A pair of Stanford sophomores -- Elise Cranny in the 1,500 and Olivia Baker in the 800 -- earned runner-up finishes Saturday to lead the Cardinal women to seventh at the NCAA Outdoor Track and Field Championships at Hayward Field in Eugene.
Stanford used four top-four finishes, including Valarie Allman's third (discus) and Claudia Saunders' fourth (800), on a day of women's only finals. The Cardinal scored 29 points, its' highest place and point total in three years. Stanford's combined 44 points for men and women was the most for the program since 2011.
Elise Cranny/David Bernal Photo
"I saw her beginning to celebrate before the line, which made me think I could catch her," Cranny said. "But we were already at the line. I would have had 10 more meters."
The race was a huge breakthrough for Cranny, who ran 4:10.95 in high school, but just now is understanding the importance of staying calm and relaxed in pressure situations. That was her approach in Saturday's final, to stick on the rail while Freitas' shoulder. The only problem was the gap Freitas built on the final turn, one that seemed insurmountable.
"I wish I could go back and redo the part between 150 and 100 to go, because I let her go a little bit, which made it more difficult to try to get her," Cranny said. "I didn't really think I would end up that close, because there was quite a gap and she was moving. But the crowd was awesome, so I kept sprinting, trying to get as close as I could."
Though the race was so close, the end result was positive for Cranny.
"I was super excited to run a best time and excited that I wasn't focused on time," Cranny said. "As Coach (Chris Miltenberg) says, the time will come if you just compete. I just wanted to compete and put myself in the race. It's a little bittersweet to have been so close, but I'm happy because I fought hard all the way to the end."
Cranny broke the Stanford record of 4:10.23 set in 2009 by Lauren Centrowitz, and matched Stanford's highest finish in that event, by Sally Glynn in 2001.
In the 800, Baker shotgunned around the final turn to pass three runners, including Saunders, in pursuit of Oregon's Raevyn Rogers, who won her second consecutive NCAA outdoor title. Baker ran 2:02.65 and Saunders, the runner-up the past two years, was fourth in 2:02.99.
Saunders and Baker were fourth and fifth with 200 to go when Rogers made her move. Saunders tried to respond, but was unable. Meanwhile, Baker went wide off the turn with the best kick of any competitor not named Rogers, to earn her highest NCAA individual finish.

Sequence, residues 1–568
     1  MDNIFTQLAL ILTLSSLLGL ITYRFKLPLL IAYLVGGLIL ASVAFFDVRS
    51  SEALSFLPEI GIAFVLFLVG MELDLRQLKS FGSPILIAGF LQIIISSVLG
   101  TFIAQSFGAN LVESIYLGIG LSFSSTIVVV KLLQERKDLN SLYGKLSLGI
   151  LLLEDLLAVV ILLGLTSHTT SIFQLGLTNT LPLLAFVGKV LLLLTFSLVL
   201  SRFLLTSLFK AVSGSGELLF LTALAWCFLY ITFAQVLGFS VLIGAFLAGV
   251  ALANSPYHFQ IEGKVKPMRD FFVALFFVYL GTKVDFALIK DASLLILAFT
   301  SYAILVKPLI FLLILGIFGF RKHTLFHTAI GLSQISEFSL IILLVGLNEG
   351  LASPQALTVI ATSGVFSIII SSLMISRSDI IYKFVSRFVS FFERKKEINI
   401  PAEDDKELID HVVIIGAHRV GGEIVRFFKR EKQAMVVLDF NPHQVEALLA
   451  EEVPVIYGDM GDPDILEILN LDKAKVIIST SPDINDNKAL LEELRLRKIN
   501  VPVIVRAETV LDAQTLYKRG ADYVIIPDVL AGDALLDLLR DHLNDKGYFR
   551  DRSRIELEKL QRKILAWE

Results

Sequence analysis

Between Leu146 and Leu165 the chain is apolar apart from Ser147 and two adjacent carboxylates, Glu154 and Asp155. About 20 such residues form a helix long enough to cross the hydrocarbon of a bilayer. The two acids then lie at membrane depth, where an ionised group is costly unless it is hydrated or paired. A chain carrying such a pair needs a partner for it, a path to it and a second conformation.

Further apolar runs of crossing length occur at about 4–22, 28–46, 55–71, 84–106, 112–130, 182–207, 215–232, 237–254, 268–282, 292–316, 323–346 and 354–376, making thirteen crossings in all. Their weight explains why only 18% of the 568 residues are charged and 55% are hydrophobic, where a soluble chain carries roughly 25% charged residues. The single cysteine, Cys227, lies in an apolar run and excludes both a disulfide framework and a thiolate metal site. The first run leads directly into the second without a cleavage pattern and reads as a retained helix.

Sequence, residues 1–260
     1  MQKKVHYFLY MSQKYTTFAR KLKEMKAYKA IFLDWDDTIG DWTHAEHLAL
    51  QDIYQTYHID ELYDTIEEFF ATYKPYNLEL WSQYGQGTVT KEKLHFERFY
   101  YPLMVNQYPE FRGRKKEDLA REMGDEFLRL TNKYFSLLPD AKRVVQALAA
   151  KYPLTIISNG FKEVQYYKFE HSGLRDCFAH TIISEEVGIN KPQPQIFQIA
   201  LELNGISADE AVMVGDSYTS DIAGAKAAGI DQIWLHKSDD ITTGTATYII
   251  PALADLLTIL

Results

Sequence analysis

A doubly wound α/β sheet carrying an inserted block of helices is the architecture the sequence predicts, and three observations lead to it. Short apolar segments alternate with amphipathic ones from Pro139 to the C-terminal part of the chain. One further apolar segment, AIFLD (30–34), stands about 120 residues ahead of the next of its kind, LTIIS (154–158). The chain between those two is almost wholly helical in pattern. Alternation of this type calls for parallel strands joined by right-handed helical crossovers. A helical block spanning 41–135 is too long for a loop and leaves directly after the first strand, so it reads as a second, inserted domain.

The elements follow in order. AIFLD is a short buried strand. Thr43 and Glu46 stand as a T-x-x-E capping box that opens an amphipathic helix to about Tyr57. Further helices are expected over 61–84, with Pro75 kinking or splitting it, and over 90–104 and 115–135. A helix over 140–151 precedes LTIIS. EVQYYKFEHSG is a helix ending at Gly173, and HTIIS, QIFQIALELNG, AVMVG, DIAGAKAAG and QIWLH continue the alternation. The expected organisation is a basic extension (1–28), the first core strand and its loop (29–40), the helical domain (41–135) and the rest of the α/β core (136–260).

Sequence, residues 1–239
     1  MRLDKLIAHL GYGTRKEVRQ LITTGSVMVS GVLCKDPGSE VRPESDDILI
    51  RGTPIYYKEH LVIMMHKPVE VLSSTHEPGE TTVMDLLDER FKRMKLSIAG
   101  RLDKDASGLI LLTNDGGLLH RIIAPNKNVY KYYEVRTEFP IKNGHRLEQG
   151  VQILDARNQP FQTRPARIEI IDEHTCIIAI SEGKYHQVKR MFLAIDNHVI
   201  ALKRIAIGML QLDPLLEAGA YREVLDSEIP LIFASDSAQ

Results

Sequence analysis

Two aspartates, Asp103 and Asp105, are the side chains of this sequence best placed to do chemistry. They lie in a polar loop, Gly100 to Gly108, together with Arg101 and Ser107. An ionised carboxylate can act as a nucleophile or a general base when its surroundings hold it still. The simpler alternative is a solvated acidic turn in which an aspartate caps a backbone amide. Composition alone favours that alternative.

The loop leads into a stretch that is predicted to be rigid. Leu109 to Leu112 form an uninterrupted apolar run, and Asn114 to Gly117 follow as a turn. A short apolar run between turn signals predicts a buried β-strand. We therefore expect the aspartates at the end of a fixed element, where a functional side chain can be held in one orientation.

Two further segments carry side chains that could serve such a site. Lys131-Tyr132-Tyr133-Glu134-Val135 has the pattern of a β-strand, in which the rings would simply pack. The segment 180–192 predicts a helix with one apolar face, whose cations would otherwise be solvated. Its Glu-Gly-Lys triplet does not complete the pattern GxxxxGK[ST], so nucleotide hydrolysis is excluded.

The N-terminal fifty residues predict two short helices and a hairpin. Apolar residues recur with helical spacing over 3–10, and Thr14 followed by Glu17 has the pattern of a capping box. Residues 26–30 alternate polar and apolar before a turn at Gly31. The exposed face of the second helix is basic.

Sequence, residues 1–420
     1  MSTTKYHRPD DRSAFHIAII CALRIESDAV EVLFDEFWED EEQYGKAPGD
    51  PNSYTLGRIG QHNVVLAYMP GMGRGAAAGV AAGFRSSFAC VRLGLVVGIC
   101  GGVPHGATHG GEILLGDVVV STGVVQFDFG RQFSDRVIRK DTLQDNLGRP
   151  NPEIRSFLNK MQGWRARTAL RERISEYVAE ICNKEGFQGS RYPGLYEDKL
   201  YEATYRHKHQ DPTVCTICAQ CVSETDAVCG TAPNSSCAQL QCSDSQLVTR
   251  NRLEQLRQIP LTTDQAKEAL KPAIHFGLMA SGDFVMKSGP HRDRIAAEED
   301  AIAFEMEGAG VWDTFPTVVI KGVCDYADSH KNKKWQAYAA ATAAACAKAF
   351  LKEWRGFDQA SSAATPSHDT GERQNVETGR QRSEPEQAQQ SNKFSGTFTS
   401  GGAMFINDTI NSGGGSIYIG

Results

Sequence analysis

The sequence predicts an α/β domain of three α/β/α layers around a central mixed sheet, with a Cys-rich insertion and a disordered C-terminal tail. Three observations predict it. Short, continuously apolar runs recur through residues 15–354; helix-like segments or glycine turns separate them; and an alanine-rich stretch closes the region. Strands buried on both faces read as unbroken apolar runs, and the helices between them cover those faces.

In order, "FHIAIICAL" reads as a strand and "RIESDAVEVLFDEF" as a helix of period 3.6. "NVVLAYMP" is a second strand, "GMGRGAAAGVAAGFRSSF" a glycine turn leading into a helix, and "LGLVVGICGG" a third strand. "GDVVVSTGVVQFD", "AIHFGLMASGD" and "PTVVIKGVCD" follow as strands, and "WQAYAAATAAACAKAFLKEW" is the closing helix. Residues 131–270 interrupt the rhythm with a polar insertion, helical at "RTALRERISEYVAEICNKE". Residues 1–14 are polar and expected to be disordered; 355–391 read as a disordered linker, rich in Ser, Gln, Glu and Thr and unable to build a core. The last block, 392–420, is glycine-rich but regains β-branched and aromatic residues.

In the discus, Allman broke set lifetime bests three times before finishing with a top throw of 201-6. Allman opened with a personal record 195-6 to take the lead, and 200 for the first time, with a mammoth 201-1 to extend her advantage after two rounds.
A third-round toss of 203-10 gave Wisconsin's Kelsey Card the lead for good, but Allman improved to 201-6 on her first attempt of the finals, only to be overtaken for second in the next round on a 201-7 throw by Florida State's Kellion Knibb.
Allman, who was fifth last year, strengthened her hold at the No. 2 spot on Stanford's all-time performers' list with her performance.
"Today was the combination of everything everyone has invested in me to help me succeed," Allman said. "We knew if everything came together, that we could see some big throws, but the recurring theme was to stay patient.
"Being able to break 200 is something that has been a big mental barrier, and I'm still in a state of awe that it actually happened."
In the 5,000, fifth-year senior Aisling Cuffe tried to intensify a dangerously slow pace by taking the lead a mile in.
Midway through, Vanessa Fraser moved up to Cuffe's shoulder to give Stanford a 1-2 front. However, Arkansas' Dominique Scott pulled in front with 500 left and the pack swallowed Cuffe and Fraser, who finished ninth and 13th, respectively, in 16:08.56 and 16:21.35.
"Seeing Elise, Olivia, and Claudia do so well was incredible," Allman said. "Their success was so motivating and energizing. There is no better feeling than wearing the Stanford uniform, and today is one I'll remember for the rest of my life."